Happy day to you. This is Ken Kaufman, and I am thrilled you’re here for episode number 38, Income and Cash Flow Planning. Now, we’ve spent the last two episodes laying the groundwork for building a financial plan. Step one was to establish your baseline or your starting place as of right now, today, with a net worth statement and cash flow statement reflecting your current situation. Step two is about looking forward to your desired situation, where you’re building out what your dreams and your goals and your priorities are for the future. It’s what you’re shooting for, and it gives the framework for building a financial plan to try to accomplish these important things out there in the future. And so, today, we roll into step three, which is where we’re really gonna focus on income planning.
You need to sit down and take the time to make your best estimates of what you think your income will be for the rest of your life. Now, before you get overwhelmed by this, let me help you realize the data that you currently have to get started with the process, it’s gonna be easier than you think, and then how to go forward with what you currently know and put some projections out into the future. Before I jump into those details, let me explain why I think I can add some value and some perspective to this process. I think I’ve had just about every type of income that’s available, every type of arrangement that’s possibly out there through different jobs and really career types and changes that I’ve gone through.
So it all started for me working as an independent contractor as a baseball umpire at 16 years old, and I was paid by the game. Then I worked hourly at a metal forging shop the summer between graduating from high school and starting college. And wow, I’ve never worked harder and never perspired more in my entire life. Possibly, that was the one experience that told me that maybe physical manual labor was not going to be the best option for me from a career or a profession. Nothing against that, but wow, I just was so exhausted and tired at the end of every day and just worn down.
Now, after that, I had almost three years of no income. I didn’t work my first year of college, and then I served a two-year volunteer mission where I actually paid to be on the mission, and there was no compensation of any sort. Then, when I got back from my mission, I worked for a couple of months teaching missionaries who were about to go out and do the things that I was doing, and I was paid hourly. Then I worked for Fidelity Investments and then another broker-dealer through the rest of college, where I was paid hourly and sometimes time and a half or double time to work holidays and cover different shifts and different things like that. So I learned a lot about the value of the hourly rate and the time and how all of that worked.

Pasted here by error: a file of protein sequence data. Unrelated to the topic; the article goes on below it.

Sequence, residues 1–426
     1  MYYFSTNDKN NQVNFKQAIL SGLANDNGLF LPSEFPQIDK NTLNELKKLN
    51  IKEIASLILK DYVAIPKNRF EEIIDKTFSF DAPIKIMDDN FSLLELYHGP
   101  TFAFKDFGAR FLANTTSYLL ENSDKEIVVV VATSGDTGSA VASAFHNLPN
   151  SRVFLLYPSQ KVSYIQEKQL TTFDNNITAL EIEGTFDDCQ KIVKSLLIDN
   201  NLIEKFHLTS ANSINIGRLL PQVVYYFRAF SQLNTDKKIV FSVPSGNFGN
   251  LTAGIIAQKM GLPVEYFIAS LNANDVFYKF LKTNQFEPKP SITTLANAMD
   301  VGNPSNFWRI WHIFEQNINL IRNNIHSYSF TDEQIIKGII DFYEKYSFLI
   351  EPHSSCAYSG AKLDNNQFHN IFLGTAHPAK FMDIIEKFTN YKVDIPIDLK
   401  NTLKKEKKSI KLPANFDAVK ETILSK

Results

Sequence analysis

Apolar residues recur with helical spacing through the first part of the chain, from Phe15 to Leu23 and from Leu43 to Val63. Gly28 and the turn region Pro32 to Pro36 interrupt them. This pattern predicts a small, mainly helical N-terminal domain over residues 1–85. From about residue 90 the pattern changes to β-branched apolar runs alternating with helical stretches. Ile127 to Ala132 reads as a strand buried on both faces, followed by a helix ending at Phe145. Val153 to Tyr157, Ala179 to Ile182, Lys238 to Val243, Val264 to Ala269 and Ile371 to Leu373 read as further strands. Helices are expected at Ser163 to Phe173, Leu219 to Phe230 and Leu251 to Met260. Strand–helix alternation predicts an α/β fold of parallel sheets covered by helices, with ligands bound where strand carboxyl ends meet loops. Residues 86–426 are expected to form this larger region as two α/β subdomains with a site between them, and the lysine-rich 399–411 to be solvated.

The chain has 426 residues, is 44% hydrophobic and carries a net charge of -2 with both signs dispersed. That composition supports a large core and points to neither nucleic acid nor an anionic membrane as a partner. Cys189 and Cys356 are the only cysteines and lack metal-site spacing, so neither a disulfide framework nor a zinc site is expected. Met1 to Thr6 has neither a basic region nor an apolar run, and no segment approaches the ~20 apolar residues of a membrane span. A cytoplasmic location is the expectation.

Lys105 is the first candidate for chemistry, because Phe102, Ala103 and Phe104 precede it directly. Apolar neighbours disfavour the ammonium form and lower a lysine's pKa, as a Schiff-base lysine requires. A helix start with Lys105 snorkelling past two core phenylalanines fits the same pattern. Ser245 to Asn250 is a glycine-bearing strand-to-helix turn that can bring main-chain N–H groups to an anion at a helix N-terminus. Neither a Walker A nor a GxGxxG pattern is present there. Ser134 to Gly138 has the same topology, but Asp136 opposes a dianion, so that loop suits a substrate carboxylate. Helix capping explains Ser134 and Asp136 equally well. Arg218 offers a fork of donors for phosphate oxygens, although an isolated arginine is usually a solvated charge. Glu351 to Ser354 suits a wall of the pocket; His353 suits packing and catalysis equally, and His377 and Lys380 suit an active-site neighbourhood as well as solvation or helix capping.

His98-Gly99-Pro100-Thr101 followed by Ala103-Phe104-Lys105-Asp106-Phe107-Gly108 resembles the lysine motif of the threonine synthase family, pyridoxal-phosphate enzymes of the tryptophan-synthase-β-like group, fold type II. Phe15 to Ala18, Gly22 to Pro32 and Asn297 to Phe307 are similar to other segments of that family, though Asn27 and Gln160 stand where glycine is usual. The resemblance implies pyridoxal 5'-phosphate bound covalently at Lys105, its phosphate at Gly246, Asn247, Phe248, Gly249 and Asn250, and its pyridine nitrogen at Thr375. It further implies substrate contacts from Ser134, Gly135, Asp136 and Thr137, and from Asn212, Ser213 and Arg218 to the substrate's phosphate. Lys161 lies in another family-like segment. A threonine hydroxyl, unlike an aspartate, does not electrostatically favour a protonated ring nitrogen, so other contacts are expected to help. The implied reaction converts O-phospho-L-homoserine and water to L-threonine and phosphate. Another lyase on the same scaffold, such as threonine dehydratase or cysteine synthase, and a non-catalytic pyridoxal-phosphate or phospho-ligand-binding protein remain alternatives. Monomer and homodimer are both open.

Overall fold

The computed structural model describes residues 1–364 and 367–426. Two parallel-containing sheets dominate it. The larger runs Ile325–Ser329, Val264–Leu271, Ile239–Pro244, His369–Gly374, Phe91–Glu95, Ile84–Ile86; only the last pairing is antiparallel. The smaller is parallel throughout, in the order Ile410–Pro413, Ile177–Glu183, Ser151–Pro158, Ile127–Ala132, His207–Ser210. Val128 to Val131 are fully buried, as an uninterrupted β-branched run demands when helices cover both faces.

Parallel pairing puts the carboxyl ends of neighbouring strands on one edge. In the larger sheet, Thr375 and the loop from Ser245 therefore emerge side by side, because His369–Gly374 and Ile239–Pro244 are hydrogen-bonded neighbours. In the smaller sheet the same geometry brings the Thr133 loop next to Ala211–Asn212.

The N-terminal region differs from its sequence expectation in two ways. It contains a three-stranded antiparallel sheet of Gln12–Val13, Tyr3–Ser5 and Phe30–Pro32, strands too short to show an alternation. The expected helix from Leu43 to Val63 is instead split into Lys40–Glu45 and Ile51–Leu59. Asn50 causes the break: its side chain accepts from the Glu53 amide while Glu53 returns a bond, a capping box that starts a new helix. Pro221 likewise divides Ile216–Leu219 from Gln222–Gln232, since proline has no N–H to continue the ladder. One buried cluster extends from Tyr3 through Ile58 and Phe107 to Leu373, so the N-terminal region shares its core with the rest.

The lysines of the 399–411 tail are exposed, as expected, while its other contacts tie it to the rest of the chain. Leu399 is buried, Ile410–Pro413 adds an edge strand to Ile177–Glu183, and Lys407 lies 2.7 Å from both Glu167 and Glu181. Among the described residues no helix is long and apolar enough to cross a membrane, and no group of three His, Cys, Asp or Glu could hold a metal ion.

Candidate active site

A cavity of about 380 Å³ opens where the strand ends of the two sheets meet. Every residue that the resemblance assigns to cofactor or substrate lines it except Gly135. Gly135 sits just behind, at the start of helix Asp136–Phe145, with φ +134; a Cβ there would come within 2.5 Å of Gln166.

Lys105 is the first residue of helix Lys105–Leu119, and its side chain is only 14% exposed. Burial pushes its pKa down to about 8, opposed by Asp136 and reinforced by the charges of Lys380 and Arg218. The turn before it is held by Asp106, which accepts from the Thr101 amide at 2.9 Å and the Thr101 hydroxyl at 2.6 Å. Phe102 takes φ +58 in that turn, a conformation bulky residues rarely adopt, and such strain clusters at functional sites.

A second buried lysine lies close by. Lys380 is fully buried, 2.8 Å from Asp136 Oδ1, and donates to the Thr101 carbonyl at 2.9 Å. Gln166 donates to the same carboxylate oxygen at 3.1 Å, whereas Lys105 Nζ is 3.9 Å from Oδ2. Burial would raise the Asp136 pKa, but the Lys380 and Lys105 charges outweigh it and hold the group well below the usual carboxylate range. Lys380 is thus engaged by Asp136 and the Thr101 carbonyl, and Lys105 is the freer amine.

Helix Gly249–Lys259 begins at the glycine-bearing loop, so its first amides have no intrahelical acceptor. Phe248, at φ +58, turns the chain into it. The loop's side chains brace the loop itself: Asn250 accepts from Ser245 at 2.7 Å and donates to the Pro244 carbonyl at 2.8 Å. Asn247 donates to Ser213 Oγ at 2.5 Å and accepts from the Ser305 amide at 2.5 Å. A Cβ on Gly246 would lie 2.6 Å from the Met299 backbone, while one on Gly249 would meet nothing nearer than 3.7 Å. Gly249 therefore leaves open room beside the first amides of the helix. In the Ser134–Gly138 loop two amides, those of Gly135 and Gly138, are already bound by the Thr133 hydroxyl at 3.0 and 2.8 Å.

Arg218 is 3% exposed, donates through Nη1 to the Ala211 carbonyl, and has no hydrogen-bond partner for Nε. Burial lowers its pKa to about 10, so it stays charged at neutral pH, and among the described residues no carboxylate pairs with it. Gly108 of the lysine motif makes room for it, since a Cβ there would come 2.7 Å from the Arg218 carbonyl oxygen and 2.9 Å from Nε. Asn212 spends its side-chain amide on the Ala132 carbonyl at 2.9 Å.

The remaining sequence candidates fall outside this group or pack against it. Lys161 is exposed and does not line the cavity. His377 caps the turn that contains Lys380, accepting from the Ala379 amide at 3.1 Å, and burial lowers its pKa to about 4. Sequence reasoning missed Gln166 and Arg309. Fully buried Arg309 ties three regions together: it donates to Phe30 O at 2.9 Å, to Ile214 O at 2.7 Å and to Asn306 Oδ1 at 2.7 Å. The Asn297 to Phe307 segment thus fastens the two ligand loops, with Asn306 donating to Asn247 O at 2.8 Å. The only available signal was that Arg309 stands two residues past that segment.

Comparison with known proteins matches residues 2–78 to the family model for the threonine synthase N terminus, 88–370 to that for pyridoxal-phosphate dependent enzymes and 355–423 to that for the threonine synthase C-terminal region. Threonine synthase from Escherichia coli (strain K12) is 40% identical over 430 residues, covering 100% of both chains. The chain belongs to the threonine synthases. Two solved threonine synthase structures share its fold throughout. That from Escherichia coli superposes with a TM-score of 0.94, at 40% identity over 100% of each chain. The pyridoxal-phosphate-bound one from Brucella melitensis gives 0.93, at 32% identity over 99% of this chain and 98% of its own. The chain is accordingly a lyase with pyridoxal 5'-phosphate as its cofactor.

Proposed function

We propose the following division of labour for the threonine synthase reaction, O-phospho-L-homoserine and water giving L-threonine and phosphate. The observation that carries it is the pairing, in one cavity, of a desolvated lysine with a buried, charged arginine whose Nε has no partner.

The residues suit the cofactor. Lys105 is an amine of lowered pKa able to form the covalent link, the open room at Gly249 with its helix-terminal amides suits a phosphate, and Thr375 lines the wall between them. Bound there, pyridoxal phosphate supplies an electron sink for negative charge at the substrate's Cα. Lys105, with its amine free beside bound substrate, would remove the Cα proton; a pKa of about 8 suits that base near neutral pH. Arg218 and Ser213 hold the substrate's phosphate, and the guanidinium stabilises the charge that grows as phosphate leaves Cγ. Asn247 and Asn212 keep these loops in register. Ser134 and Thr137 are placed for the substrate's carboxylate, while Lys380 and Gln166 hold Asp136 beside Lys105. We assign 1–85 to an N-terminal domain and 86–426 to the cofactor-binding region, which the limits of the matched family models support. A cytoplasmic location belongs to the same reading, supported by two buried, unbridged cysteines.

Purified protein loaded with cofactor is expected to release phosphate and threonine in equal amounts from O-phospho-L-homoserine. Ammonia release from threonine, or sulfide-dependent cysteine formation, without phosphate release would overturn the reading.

Now, at the same time that I was graduating from college, when I left the hourly job at that broker-dealer, I started a business, and there was no more trading time for hourly pay. I had to actually produce to make money, and I failed. My business venture failed, and I made almost no money in six months and realized that I was on the wrong path. And I didn’t go about launching this entrepreneurial venture very well, and, like I said, it struggled, and really I had to stop pursuing that. And so I got my first real, what I’d call, post-owned undergrad job. I was salaried. I received a few promotions and probably was given too much responsibility or more responsibility than someone as young as I was. I think I handled it fairly well, but wow, I learned a lot. I made lots of mistakes, and luckily, I had people around me that were supporting me and helped me through a lot of that and helped me learn and grow a lot professionally.